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AGF wrong to join Lagos in LG funds suit — Sanwo-Olu

Lagos State Governor, Babajide Sanwo-Olu, has described the joint suit instituted against the 36 state governors over alleged misconduct in the administration of local governments as ‘a legal anomaly’.

Sanwo-Olu, who disclosed this at the two-day legal summit held in Ikeja, the state capital, noted that local governments in Lagos State enjoy full autonomy.

The Federal Government has approached the Supreme Court with a suit seeking to compel governors of the 36 states of the federation to grant full autonomy to the local governments in their domains.

The suit, marked SC/CV/343/2024, was filed by the  Attorney-General of the Federation and Minister of Justice, Lateef Fagbemi (SAN), on behalf of the Federal Government.

The Federal Government is urging the apex court to issue “an order prohibiting state governors from unilateral, arbitrary and unlawful dissolution of democratically elected local government leaders for local governments.”

Reacting to the suit, the governor noted that the AGF should have conducted due diligence to ascertain the erring state governors rather than join the 36 governors in the suit.

He said: “It is interesting to read the news that the Honourable Minister of Justice and Attorney General of the Federation has sued all the 36 states because governors did not give autonomy to the third tier of government. The only mistake, which I am going to tell our Attorney General, is that some of us are in compliance.

“The Attorney General should have done his due diligence to identify which states are not in compliance so that we don’t sue all the 36 states together. You can determine which states are not violating the constitution. If it is three, four or five states are in compliance, then you can sue the 31 states for violating the autonomy of the Local Governments. That is part of the back work that we need to do.”

Sanwo-Olu added that an infringement on the local council autonomy was an affront to the spirit of the constitution on which the judiciary must make a clear interpretation for equity and fairness.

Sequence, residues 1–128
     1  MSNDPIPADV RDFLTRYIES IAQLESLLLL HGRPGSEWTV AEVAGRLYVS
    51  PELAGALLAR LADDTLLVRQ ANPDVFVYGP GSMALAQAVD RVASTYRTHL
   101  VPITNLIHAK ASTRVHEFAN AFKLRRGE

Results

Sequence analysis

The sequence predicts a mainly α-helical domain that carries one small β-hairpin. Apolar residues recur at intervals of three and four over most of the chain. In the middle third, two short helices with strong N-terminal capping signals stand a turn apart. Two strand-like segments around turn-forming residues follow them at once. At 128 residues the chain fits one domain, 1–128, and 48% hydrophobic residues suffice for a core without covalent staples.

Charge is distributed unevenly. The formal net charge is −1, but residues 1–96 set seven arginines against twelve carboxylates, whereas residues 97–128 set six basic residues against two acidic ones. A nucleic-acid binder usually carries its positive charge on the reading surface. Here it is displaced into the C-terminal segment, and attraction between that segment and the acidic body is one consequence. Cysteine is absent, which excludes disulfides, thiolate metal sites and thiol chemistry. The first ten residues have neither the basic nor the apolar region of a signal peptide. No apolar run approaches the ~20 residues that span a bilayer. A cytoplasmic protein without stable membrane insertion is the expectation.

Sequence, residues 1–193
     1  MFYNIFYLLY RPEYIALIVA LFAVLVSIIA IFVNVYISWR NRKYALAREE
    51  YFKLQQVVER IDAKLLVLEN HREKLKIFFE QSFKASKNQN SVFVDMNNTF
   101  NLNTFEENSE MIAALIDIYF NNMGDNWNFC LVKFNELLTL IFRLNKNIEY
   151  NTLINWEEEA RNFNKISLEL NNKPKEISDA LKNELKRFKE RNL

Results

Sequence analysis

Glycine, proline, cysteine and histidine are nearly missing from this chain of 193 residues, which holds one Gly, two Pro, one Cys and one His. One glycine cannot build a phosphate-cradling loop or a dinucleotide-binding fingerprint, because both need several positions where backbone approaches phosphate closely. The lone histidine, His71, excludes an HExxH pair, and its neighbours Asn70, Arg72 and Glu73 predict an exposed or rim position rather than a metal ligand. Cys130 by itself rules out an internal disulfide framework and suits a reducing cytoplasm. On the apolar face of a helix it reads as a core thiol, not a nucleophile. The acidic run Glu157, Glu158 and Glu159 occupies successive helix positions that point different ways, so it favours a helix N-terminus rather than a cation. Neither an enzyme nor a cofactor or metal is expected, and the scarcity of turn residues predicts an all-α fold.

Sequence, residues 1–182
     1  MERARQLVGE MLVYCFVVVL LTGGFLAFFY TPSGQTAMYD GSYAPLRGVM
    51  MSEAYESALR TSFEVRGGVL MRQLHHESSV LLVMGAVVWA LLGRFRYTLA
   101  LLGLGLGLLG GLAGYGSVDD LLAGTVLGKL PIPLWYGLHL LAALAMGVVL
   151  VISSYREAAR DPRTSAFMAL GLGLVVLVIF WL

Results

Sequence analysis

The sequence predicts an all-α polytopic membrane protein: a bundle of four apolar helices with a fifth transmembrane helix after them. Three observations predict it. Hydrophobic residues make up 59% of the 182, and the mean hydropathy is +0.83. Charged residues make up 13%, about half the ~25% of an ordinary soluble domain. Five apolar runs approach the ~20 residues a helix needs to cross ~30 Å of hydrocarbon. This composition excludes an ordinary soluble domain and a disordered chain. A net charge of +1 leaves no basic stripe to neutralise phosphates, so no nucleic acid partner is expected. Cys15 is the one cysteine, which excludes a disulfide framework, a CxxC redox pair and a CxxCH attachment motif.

He stressed further that a better justice system would protect the interests of parties and discourage actions limiting the efficiency of any government entity.

Sanwo-Olu said that judicial reform must remain on the agenda in a functional society to improve the administration of the justice system and make the court the last hope of the common man.

He added that the judiciary in Lagos has been an example in protecting the rule of law and setting good examples for other jurisdictions in the dispensation of justice.

Also speaking at the event, the Chief Justice of Nigeria, Justice Kayode Ariwoola, who was represented by Justice Iyabode Yerima, lauded the Lagos judicial system for being ‘a forerunner’ in justice development, stressing that other jurisdictions usually borrowed from examples set by Lagos.

Similarly, the AGF, represented by Fernandez Marcos-Obiene, noted that the robust and transparent reforms embarked on by Lagos in the justice system had promoted economic growth.

He pledged that the FG would continue to provide platforms for reforms that would improve public trust in the judiciary.

Other speakers at the two-day event included the President of the Nigerian Bar Association, Mr Yakubu Maikyau (SAN), Lagos State Attorney General and Commissioner for Justice, Lawal Pedro (SAN), and Chief Justice of Lagos, Justice Kazeem Alogba, among others.


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